Toughest day – Feda to Mandal, Norway (Max speed 60kph, 1889m ascent) – exhilarating descents, including one 450 degree bend (I had to think about that)
55 days elapsed, but 53.5 days actual cycling taking into account flights and major ferries (LHR to Bergen, Shetland to Aberdeen, Sweden to Denmark)
Highest average speed – to Grenaa to Ubdyhøj – 20.4 kph
45 nights under canvas, 2 on ferries, brothers house, 3 B&Bs, 3 YHAs and 1 night in Prison.
A total of 5,936 km (missing out the G20 conference in Hamburg by catching the Brunsbüttel ferry to Cuxhaven and also taking direct routes in Orkney and Shetland). 193,000 calories, 347 hours of cycling (6.5 hours per day average) at a daily average speed of 17 kph. 36,436 metres of ascent – phew!
What I did not expect is 74% of the journey (estimated and noted each day) was traffic free or on very quiet roads. By quiet roads I mean less than 10 cars per hour passing you. With a few exceptions (Aberdeen, Sittingbourne/Faversham and a few other locations), even the traffic roads were safe to ride, not needing cycle courier levels of skill to negotiate.
Most blogs I have read indicate a 60-80 day itinerary, which is probably a better bet if you plan to see more of the sights. A lot depends on ferry timings and availability, many ferries do not operate out of a very narrow summer season in Norway. I’ll write about the ferries soon.
I have been having fun with Google Maps. Now the whole of the North Sea Cycle Route has been mapped out as I plan the route and decide how how I am going to navigate. I have a few paper maps, but Google Maps, MyMaps, ViewRanger and BackCountry Navigator provide too many options. I have also used OpenCycleMaps too, downloading custom routable maps for each section that I can just about squeeze into my Garmin GPS. See http://garmin.openstreetmaps.nlfor more info and perhaps donate a few Euros to this project.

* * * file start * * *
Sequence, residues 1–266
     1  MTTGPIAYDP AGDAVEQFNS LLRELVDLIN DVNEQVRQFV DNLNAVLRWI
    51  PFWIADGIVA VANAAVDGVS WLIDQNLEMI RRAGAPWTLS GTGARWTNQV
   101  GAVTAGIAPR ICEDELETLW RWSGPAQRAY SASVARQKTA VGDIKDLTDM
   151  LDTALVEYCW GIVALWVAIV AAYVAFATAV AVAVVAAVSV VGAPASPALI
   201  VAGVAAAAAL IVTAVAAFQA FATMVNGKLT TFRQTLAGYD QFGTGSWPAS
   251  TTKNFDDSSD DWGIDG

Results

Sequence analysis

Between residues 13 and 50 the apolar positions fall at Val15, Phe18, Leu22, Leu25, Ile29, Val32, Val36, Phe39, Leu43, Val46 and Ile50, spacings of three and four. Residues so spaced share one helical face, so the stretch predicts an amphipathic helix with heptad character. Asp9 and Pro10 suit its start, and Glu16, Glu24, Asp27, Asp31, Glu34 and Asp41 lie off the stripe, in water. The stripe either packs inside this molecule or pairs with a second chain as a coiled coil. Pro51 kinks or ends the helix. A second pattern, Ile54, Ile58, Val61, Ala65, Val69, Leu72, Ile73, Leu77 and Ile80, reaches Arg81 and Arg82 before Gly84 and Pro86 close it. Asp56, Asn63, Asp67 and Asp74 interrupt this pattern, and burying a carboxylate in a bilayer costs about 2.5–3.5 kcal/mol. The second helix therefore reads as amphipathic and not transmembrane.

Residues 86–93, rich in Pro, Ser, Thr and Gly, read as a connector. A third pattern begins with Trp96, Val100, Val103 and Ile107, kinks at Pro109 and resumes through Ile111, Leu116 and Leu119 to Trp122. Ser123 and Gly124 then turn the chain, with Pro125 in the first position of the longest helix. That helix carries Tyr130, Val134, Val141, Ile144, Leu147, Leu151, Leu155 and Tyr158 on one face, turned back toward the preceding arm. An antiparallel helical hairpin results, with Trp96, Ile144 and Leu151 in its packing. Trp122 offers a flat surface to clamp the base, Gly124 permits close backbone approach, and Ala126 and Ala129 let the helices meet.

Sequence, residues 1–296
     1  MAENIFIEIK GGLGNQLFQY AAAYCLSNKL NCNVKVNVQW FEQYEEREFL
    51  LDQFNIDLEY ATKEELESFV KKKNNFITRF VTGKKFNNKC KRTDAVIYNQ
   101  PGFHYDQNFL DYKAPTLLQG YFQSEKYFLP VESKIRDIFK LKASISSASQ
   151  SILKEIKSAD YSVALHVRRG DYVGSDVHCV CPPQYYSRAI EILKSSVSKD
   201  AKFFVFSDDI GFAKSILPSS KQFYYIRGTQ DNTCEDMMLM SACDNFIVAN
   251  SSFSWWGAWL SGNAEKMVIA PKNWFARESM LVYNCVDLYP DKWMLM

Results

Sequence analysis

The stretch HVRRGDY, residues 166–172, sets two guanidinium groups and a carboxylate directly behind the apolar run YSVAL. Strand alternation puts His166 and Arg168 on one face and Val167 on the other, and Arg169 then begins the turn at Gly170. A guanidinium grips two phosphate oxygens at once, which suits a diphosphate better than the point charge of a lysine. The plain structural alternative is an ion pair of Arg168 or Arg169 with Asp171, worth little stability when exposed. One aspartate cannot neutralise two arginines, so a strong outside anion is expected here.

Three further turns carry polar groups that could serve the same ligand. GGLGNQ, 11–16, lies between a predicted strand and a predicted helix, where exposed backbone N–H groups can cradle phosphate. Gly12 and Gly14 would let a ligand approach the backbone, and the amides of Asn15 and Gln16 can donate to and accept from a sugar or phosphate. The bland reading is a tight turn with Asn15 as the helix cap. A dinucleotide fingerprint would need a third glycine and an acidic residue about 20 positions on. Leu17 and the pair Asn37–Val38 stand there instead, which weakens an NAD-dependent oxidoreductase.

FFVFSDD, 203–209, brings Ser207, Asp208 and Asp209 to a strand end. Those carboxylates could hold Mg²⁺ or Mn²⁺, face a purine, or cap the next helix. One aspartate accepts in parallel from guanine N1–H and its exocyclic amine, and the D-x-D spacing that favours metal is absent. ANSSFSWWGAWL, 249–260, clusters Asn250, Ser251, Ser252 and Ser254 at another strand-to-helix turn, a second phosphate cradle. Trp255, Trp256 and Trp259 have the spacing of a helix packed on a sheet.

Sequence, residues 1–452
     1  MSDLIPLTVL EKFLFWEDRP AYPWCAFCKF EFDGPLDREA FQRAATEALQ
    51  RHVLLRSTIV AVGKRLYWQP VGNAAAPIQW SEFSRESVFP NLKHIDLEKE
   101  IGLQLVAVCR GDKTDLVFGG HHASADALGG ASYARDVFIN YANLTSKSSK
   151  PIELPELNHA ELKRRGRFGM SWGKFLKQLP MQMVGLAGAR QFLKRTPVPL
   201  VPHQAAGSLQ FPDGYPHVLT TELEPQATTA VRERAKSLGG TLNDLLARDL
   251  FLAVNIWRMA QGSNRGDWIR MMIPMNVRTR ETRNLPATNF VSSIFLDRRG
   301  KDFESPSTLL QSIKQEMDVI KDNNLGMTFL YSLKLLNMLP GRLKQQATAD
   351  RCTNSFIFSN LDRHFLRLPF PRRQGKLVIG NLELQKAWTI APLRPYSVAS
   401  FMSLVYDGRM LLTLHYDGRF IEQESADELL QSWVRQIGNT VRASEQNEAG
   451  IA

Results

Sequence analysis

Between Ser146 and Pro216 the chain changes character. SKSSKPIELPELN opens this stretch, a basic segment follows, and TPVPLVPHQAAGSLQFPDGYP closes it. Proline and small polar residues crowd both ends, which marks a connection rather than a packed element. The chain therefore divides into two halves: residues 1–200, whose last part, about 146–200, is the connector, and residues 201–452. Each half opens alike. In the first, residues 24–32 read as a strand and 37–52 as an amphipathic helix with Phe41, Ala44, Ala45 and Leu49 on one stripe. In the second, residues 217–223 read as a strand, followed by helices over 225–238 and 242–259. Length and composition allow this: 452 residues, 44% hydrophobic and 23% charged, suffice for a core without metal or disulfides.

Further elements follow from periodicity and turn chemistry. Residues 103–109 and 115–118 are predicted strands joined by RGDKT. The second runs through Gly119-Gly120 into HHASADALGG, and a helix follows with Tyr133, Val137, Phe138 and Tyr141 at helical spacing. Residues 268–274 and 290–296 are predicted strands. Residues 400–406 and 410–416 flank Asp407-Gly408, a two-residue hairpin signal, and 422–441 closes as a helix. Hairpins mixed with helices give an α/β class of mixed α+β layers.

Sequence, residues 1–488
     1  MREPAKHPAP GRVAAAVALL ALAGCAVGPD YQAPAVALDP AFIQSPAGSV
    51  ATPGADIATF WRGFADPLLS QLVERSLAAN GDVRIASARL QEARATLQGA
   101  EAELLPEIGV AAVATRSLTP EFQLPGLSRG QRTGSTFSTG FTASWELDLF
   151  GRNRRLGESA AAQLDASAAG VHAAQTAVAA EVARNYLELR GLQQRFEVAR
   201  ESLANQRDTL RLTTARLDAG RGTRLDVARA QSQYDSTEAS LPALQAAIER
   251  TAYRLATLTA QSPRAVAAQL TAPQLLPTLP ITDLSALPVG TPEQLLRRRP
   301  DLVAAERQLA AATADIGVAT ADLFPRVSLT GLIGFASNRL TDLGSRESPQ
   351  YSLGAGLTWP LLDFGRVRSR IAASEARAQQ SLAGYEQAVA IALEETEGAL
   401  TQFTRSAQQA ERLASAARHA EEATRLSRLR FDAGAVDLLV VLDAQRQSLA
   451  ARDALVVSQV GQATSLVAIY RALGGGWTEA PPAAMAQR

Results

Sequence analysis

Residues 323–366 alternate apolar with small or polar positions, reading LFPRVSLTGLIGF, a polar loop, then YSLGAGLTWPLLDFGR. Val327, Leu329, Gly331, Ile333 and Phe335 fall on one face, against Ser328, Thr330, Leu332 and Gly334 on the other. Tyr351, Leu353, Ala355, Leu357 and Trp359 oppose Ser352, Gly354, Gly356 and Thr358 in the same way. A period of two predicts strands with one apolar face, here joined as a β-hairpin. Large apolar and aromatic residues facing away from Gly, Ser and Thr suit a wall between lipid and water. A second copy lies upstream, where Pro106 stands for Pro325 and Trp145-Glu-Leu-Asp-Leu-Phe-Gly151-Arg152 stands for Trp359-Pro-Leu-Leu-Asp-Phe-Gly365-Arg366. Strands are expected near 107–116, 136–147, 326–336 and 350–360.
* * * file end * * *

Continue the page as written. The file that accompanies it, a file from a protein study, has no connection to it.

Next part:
My Android Nexus 5X is more than up to the job of storing the maps, and the UK section is adequately covered by the Ordnance Survey offline 1:50k maps. Plus, at last, OS have re-released the Road Map series at 1:250k, which is nigh-on perfect for cycle touring, other than it doesn’t show cycle tracks, but it does cover the whole of the UK in 8 maps.
Now to overlay campsites, points of interest, ferries and find a means of attaching photos as I progress, as I mean to use this Blog in real time, with weekly updates. Just add StreetView and I can start now with a virtual tour.
I could sit and watch this for hours. I am glad I am a walker and not a sailor. Earth Wind Map. Also shows wind at various heights so you can see the effect of the jet stream. If you are a sailor you can see waves height patterns too.
For the past 2 years I have been using BackCountry Navigator PRO, a GPS App for most Android smartphones. This is not, as yet, my primary navigational aid. This remains a Harveys Map for the National Trails or an OS Map for other walks, plus a SILVA compass.
The National Trails are clearly sign posted and waymarked, so it is not unusual to walk the whole day without referring to a map at all. I plan ahead and visualise the objectives and main waypoints, typically for lunch stops, major navigational features and points of interest. Walking without a map is quite liberating, but sometimes I get lost, typically while daydreaming and missing an important signpost.